Cardinal Marx Won’t Rule Out Offering Resignation for a 2nd Time

The cardinal, who was appointed archbishop in 2007 by Benedict XVI, said that he remains in shock over the depth of the abuse crisis.

Cardinal Reinhard Marx, chairman of the German Bishops' Conference, speaks to the press on the final day of the meeting on "The Protection of Minors in the Church" during a press conference in Rome on Feb. 24, 2019.
Cardinal Reinhard Marx, chairman of the German Bishops' Conference, speaks to the press on the final day of the meeting on "The Protection of Minors in the Church" during a press conference in Rome on Feb. 24, 2019. (photo: Daniel Ibanez / CNA/EWTN)

VATICAN CITY — Cardinal Reinhard Marx has said that he cannot rule out asking Pope Francis to accept his resignation for a second time. 

The Catholic archbishop of Munich and Freising discussed the possibility of a second resignation offer in a letter issued on July 23 and read out in churches in the archdiocese at the weekend, reported CNA Deutsch, CNA’s German-language news partner.

“I do not understand my service as a bishop as an office that belongs to me and that I have to defend, but as a mission for the people of this archdiocese and as a service to the unity of the Church,” he wrote.

“Should I no longer be able to fulfill this ministry, then it would be time — after consultation with the diocesan bodies and also the abuse appraisal  commission and the affected persons’ advisory board — to decide for the good of the Church and offer my resignation from office once again.”

Cardinal Marx is a member of the pope’s Council of Cardinals and the coordinator of the Vatican Council for the Economy. Until last year, he served as the chairman of the German bishops’ conference.

The 67-year-old cardinal wrote to Pope Francis in May, offering to resign amid the fallout from the clerical abuse crisis in Germany. The pope declined his resignation in June.

In the letter to his flock, Cardinal Marx said that he was surprised by the pope’s decision but fully accepted it. 

“After Pope Francis’ letter of response, I am renewing my yes to my ministry as archbishop of Munich and Freising. Together with my staff and diocesan bodies, I will reflect on what it means not to simply go back to business as usual, as previously stated in my declaration,” he wrote.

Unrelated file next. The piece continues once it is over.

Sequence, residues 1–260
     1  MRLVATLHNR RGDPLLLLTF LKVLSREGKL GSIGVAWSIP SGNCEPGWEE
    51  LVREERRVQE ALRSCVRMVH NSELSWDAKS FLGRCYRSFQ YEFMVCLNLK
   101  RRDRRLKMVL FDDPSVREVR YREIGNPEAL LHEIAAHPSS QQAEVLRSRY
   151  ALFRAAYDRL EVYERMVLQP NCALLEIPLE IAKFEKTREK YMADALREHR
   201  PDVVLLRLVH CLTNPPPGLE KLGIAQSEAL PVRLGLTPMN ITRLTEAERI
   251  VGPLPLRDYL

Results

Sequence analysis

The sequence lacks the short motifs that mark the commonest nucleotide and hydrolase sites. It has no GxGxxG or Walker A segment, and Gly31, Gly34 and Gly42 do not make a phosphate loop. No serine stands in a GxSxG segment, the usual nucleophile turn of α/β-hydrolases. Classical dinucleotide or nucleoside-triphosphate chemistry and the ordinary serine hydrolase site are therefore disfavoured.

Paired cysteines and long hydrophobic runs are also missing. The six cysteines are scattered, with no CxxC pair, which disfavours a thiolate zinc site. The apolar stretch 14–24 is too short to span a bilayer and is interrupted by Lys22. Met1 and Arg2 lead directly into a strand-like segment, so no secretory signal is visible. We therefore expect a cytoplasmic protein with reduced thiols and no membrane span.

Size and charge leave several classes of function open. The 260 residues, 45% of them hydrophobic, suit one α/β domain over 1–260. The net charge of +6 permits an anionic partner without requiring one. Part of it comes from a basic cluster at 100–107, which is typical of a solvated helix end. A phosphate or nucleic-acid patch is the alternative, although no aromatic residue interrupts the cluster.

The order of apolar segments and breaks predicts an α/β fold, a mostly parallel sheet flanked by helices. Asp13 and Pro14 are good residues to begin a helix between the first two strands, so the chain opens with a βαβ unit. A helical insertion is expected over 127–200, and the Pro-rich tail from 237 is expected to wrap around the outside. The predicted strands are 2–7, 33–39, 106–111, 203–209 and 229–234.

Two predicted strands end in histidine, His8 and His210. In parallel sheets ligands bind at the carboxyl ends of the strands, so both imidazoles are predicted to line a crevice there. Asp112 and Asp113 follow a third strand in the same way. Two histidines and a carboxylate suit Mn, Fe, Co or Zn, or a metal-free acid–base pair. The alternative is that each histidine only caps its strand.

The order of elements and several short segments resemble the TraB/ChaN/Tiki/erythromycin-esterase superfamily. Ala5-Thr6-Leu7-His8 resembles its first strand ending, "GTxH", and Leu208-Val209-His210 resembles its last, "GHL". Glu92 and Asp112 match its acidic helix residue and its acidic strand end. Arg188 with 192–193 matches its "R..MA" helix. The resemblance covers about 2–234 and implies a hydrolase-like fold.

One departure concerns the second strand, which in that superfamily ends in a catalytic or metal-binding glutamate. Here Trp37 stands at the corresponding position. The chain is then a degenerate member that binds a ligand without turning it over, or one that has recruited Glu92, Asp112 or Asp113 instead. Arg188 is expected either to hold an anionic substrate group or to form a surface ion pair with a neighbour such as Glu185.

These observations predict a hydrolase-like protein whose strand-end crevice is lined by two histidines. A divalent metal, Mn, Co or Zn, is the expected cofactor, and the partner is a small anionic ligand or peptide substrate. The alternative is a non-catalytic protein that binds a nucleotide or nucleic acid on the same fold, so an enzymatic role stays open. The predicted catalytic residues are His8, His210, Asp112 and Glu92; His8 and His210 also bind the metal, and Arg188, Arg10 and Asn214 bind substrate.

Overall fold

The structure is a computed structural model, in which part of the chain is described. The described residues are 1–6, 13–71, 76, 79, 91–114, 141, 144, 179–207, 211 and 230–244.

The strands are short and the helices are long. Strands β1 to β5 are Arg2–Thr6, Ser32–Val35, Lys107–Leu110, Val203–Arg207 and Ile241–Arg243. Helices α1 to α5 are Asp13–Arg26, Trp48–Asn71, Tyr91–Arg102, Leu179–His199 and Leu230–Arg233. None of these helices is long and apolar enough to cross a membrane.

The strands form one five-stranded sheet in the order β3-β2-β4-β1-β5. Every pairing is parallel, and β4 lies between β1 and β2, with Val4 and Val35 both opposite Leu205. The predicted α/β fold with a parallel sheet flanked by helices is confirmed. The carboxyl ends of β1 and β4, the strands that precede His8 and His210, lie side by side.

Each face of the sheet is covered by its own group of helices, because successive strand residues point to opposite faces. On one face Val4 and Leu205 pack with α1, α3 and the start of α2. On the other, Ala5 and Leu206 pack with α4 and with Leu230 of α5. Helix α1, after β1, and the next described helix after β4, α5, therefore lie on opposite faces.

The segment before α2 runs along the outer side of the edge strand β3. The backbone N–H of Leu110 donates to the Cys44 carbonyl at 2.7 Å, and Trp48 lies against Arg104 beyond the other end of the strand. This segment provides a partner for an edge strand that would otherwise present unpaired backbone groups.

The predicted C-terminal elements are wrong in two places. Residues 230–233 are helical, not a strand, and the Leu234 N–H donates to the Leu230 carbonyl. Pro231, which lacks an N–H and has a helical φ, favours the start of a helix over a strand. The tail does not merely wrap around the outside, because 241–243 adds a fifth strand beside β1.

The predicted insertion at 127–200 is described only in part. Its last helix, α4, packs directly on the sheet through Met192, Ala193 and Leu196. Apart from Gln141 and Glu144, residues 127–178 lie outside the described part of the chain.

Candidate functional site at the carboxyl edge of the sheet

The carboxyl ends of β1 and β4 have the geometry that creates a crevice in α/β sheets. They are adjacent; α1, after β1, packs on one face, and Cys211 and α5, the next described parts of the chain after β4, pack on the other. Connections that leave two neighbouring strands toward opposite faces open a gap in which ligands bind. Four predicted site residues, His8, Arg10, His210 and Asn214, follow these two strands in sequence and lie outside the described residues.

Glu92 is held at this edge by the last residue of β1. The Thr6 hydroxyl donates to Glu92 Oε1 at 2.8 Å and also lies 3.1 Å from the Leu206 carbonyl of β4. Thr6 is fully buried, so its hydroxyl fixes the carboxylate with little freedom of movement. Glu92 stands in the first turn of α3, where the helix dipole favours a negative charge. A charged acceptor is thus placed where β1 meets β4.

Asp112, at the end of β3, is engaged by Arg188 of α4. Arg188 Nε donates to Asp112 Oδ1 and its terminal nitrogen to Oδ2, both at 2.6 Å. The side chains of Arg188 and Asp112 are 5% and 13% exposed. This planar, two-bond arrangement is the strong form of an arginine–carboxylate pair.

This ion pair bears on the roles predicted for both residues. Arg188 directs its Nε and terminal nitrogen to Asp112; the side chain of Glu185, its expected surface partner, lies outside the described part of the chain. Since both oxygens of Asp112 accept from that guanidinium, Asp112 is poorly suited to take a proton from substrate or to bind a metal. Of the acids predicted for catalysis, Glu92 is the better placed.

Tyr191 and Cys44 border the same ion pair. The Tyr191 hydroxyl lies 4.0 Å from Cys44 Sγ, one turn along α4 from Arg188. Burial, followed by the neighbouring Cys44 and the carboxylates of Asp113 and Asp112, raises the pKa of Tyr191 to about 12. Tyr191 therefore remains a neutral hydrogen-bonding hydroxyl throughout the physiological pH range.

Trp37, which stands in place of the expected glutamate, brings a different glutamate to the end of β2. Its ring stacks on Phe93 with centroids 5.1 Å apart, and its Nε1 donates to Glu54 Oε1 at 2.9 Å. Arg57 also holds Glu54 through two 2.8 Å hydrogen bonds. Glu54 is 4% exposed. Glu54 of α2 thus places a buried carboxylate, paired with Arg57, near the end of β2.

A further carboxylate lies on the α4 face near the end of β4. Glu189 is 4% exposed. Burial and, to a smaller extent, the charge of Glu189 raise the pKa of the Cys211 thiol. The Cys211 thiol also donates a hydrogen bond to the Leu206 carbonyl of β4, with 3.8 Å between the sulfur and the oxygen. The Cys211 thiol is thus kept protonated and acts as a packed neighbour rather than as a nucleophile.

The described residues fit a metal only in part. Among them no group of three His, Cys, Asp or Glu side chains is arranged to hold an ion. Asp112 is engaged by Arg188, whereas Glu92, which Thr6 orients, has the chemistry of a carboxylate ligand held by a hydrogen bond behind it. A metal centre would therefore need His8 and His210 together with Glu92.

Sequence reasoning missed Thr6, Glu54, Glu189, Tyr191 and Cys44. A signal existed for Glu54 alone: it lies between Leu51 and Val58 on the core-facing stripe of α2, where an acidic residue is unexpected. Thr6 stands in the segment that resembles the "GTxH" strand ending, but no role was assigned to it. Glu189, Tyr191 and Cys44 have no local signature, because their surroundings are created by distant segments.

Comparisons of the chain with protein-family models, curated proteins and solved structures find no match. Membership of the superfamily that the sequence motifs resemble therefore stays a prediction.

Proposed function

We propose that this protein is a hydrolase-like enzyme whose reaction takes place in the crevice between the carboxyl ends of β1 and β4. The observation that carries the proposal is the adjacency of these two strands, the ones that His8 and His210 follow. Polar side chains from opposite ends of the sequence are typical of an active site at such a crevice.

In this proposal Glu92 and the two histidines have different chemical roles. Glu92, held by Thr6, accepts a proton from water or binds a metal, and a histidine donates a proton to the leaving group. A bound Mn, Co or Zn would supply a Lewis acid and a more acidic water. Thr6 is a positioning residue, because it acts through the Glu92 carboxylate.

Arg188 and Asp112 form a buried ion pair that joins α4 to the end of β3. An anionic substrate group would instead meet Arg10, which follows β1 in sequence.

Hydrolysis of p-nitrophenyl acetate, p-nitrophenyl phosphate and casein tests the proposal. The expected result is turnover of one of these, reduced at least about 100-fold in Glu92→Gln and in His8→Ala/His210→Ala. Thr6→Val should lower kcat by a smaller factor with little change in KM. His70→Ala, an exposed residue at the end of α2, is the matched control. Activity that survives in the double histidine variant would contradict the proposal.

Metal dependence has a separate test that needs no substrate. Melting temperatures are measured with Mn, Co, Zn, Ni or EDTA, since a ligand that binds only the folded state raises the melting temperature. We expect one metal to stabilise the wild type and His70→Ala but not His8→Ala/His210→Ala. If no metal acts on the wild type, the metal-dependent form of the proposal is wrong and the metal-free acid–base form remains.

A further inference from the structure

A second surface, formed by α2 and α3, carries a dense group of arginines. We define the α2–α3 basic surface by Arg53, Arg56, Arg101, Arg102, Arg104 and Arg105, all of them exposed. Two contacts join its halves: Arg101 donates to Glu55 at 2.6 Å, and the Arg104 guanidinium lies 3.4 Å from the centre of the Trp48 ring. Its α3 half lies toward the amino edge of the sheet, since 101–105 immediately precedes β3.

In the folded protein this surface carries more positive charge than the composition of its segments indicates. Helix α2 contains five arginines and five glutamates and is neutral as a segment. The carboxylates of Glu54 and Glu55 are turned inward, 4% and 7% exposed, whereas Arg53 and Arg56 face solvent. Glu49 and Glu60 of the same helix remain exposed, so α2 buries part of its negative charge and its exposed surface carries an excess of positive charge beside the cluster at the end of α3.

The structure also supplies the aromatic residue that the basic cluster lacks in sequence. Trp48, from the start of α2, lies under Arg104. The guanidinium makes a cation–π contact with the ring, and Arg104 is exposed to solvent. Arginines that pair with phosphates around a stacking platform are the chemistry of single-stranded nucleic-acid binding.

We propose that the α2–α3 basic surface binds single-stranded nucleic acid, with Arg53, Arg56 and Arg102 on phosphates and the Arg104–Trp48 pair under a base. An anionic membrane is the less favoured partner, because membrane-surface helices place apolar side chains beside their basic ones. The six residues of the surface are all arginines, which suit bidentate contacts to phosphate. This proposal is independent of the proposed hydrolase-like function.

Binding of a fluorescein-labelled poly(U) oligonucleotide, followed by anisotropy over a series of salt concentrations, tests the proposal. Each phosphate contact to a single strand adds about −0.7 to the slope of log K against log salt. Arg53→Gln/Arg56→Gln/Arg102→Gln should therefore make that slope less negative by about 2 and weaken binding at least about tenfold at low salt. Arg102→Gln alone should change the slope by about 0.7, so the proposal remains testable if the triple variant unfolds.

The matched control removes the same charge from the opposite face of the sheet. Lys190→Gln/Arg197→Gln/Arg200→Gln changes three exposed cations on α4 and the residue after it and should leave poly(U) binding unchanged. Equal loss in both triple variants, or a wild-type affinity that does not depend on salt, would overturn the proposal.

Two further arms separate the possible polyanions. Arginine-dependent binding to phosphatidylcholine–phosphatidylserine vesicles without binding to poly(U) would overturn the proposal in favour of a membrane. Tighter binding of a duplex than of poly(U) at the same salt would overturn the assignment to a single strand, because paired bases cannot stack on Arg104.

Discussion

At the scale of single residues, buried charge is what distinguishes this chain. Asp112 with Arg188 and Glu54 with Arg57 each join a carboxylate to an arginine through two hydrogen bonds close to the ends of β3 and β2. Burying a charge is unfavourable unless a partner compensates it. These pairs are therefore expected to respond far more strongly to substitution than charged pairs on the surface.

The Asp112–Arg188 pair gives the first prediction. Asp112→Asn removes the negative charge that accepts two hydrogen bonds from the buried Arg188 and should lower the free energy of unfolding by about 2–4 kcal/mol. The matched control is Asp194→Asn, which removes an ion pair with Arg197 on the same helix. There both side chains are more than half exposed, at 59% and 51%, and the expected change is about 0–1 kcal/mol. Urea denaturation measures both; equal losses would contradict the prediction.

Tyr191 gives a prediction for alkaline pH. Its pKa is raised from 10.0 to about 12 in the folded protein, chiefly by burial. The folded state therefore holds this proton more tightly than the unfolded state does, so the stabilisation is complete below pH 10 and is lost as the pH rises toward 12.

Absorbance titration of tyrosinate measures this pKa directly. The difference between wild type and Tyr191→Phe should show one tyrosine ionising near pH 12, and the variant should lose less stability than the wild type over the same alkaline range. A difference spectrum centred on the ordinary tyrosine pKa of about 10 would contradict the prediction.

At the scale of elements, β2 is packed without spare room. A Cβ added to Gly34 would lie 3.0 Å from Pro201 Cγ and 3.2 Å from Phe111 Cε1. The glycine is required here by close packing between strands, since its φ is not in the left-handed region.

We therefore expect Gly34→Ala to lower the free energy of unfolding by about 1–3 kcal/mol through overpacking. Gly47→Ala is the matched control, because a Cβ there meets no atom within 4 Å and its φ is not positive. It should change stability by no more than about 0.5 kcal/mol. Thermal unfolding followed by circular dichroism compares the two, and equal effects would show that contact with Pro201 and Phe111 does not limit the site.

The cardinal, who was appointed archbishop in 2007 by Benedict XVI, said that he remains in shock over the depth of the abuse crisis. 

“Since 2010, however, the shock that this terrible thing was perpetrated by officials and employees of the Church, and that we bishops may not always have seen or wanted to see that intensively enough, has not gone away for me,” he wrote, referring to the year that the sex abuse scandal broke in the archdiocese of Munich and Freising.

He continued: “My decision to resign from office, which I made after careful consideration, was intended as a sign that I have to take responsibility for all this personally and as an official, including also for what happened in the past, because as a bishop I represent the Church.”

In April, Cardinal Marx asked German president Frank-Walter Steinmeier not to bestow the Federal Cross of Merit on him after an outcry among advocates for abuse survivors over the award.

He had been scheduled to receive the Bundesverdienstkreuz, Germany’s only federal decoration, at the Bellevue Palace in Berlin on April 30.

Cardinal Marx said that he did not want to draw negative attention to other award recipients.

Peter Bringmann-Henselder, a member of the affected persons’ advisory board of Cologne archdiocese, had urged the president to withhold the honor, citing Cardinal Marx’s handling of cases when he was bishop of Trier in 2001–2007.

The official web portal of the Catholic Church in Germany reported in June that Marx’s actions in Trier would be “comprehensively investigated” by an independent commission on behalf of the diocese that has been led by Bishop Stephan Ackermann since 2009.

It also noted that in the next few months the Munich law firm Westpfahl-Spilker-Wastl is expected to release a study of the handling of abuse claims in the archdiocese of Munich and Freising, including during Marx’s time as archbishop.

Concluding his message to his archdiocese, Cardinal Marx wrote: “But now, with great readiness, I say again a new yes to my mission here in our archdiocese and ask you for your prayers and your trust.” 

“I am convinced: We need reform and renewal in and for the Church, but we also need a sense of the unity of the people of God, which becomes visible in diversity. Let us walk this path together in our archdiocese.” 

“As your archbishop, I am undertaking this journey with you and would like to continue to make my contribution so that we can master the great challenges that lie ahead. With God’s help, we can succeed.”

Cardinal Reinhard Marx, chairman of the German Bishops' Conference, speaks to the press on the final day of the meeting on "The Protection of Minors in the Church" during a press conference in Rome on Feb. 24, 2019.

Pope Francis Declines Cardinal Marx’s Resignation

Noting Cardinal Marx’s reference to the crisis of the Church in Germany, Pope Francis said that “the whole Church is in crisis because of the abuse issue” and the only fruitful path is “to assume the crisis, personally and communally.”

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